Predicting what players will gain entry to the Baseball Hall of Fame and what players will be left out is more confusing than ever. Some of the game’s all-time greats are being left out because of their connection to performance enhancing drugs, while others who played in the steroid era are finding their way into the Hall. Meanwhile, so many deserving players who have no connection to steroids are still left out. One player who absolutely deserves to be in the Hall of Fame is first baseman Keith Hernandez.
Hernandez spent nine years on the Hall of Fame ballot and never got as close to the 75% mark as he should have. He was a five-time All-Star and two-time World Series champion. He won both the MVP and batting title in 1979. He also won 11 consecutive Gold Gloves. With over 2,000 career hits and a career .296 batting average over the course of 17 major league seasons, Hernandez should at least be a borderline Hall of Famer.
But the real reason Hernandez belongs in the Hall is the way he revolutionized first base defensively. Long before defensive shifts became a fundamental part of baseball, Hernandez was proactively changing his positioning based on the tendencies he observed in each hitter. He typically played further away from the bag than any other first basemen and covered more ground than most first baseman could ever dream. When it comes to defense, he is the watermark by which all first baseman are measured.
In terms of both his intellectual understanding of the game and his physical execution as a fielder, Hernandez is undoubtedly the best defensive first baseman the game has ever seen. He controlled where the other infielders would play because of how well he knew every hitter who stepped into the batter’s box, something he did long before every ball put in play was charted.
The range Hernandez had also allowed the infielders playing with him to cover more ground as well, making the entire infield better defensively. It’d be almost impossible to go back and calculate the defensive runs he saved over the course of his career. But the number would likely surpass what any other first baseman in baseball history has ever accomplished.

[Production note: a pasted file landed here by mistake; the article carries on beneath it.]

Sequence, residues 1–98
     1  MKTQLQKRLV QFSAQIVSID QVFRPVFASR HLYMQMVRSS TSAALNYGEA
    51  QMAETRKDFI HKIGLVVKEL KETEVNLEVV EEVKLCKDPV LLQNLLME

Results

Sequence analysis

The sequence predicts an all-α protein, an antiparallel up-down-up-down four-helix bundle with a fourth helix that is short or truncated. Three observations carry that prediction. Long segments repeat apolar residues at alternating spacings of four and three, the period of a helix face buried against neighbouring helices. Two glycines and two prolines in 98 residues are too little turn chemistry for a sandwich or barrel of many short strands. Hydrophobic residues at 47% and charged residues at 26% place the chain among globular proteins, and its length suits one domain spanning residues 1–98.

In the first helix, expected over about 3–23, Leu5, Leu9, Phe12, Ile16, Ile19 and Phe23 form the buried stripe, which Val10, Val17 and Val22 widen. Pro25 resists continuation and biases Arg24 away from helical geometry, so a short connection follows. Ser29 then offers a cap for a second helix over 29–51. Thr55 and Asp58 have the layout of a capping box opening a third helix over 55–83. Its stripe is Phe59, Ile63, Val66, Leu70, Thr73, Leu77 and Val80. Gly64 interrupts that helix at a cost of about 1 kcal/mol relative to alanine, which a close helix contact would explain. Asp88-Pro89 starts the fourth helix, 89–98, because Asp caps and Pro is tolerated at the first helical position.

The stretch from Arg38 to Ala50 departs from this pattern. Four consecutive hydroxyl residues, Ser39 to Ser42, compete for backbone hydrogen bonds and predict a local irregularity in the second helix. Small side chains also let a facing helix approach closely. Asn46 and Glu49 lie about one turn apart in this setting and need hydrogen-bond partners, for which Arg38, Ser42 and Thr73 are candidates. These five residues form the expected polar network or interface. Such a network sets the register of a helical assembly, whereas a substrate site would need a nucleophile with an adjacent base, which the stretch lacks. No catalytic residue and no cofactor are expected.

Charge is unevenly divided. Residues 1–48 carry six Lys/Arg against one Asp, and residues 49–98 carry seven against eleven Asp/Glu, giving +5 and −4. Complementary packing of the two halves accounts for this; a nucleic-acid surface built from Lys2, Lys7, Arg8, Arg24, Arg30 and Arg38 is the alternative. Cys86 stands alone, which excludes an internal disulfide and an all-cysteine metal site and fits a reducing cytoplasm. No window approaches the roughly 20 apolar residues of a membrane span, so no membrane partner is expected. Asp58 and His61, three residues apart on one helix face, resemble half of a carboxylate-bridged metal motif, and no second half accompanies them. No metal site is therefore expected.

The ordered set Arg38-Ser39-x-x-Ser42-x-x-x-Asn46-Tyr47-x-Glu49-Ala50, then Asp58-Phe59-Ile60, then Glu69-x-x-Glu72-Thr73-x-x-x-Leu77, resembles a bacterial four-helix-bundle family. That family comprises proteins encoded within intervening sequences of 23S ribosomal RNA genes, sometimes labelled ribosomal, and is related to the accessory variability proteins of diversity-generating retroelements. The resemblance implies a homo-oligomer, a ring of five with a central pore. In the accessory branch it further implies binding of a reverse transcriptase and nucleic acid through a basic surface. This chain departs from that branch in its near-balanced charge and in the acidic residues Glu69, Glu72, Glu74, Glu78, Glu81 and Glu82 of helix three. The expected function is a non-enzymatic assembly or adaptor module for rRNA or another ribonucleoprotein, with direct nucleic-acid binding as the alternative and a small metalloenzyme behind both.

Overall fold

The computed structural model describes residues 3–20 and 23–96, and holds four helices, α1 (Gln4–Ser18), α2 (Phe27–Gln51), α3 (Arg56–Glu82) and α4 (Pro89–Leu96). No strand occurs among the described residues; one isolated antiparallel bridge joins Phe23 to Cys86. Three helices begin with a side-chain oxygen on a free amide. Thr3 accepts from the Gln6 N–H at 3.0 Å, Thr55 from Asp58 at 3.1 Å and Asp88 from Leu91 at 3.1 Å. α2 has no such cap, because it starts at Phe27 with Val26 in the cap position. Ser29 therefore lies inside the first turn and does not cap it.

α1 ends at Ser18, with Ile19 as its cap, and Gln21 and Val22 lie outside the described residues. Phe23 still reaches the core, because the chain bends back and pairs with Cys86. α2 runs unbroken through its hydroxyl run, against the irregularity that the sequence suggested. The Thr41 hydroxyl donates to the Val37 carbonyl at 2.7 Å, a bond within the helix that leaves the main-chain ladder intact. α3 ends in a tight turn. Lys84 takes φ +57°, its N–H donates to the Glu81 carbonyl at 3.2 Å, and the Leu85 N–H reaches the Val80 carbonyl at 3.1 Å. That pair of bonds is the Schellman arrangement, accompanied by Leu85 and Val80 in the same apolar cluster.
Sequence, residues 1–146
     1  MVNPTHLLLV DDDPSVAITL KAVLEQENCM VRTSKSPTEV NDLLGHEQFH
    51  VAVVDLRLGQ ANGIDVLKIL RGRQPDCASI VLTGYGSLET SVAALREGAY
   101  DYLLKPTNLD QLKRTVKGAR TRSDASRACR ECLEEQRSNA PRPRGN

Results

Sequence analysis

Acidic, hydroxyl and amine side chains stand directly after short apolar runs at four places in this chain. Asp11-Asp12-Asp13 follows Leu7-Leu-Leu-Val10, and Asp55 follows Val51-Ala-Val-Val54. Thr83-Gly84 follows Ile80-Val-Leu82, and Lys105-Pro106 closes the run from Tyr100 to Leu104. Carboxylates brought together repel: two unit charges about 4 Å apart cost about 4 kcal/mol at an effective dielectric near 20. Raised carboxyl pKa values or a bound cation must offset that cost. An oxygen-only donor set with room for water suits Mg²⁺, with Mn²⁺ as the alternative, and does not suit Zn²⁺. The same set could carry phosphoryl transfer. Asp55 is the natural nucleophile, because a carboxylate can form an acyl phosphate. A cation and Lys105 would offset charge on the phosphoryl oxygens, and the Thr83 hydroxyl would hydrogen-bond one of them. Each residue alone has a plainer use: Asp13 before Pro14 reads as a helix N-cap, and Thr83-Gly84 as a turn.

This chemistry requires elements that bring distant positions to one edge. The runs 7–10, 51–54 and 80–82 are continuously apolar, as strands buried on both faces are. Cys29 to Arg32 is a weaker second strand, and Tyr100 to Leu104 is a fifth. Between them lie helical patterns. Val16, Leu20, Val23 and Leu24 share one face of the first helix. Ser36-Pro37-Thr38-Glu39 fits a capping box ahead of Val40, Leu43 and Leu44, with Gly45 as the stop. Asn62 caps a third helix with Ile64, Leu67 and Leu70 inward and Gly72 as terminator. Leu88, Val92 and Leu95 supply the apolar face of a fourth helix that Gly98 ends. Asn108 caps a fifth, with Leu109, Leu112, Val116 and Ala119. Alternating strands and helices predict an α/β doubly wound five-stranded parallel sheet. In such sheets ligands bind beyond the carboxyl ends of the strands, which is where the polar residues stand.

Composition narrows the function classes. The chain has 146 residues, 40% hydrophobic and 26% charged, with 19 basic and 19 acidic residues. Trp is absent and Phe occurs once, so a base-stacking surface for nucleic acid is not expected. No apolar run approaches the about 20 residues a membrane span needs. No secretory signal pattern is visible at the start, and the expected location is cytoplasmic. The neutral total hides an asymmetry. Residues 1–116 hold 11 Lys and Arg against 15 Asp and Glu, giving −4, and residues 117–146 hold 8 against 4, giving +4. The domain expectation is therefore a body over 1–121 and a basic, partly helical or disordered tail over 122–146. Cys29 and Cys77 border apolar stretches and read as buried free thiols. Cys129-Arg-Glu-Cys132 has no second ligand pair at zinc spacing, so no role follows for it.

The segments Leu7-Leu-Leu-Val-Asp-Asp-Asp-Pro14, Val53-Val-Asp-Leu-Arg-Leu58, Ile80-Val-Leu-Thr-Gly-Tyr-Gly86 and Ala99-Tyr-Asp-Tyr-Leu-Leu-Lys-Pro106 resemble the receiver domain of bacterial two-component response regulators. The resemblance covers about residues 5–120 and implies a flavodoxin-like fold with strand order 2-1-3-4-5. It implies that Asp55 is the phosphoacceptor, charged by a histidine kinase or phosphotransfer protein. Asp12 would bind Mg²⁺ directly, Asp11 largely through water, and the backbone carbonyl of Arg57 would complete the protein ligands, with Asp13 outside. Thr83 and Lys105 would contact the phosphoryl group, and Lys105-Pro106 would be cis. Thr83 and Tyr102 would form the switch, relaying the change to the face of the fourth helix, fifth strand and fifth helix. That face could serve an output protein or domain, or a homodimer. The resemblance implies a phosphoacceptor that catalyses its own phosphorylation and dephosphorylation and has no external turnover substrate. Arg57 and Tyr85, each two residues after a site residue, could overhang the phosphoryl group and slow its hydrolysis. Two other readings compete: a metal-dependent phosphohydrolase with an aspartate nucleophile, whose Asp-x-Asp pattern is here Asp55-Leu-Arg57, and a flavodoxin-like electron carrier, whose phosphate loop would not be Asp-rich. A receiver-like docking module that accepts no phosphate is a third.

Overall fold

The Baseball Hall of Fame is filled with players who are there in large part because of their defensive prowess. But that is not the case with first base. Traditionally, it’s not a position that has seen a large volume of brilliant defensive players. But that doesn’t mean a player as impactful as Hernandez was for his defense should be left out of the Hall of Fame.
“Therapy doesn’t really solve any problems, but it shows you how you’re thinking. If I had been able to do this when I was player, I don’t know if it would have made me a better player, but it certainly would have tamed me. It would have been a positive thing.”
Even beyond his defense, Hernandez was an accomplished hitter despite his lack of power and an asset in the clubhouse. He was an essential veteran leader when the New York Mets won the World Series in 1986. A season later, he became the first captain in Mets history. The fact that several of his teammates wore his no. 17 to honor him after moving on to different teams says everything you need to know about the respect his teammates had for Hernandez.
Sadly, the only chance Hernandez has of getting into the Hall of Fame is through the Veterans Committee. The time is past due for the Committee to step up and find a way to put Hernandez in the Hall of Fame. If the Hall is truly about honoring and remembering excellence throughout the history of baseball, there’s no reason for Hernandez not to be included. As a first baseman, he was special and the best in baseball history, and that’s just the crux of why he belongs in the Baseball Hall of Fame.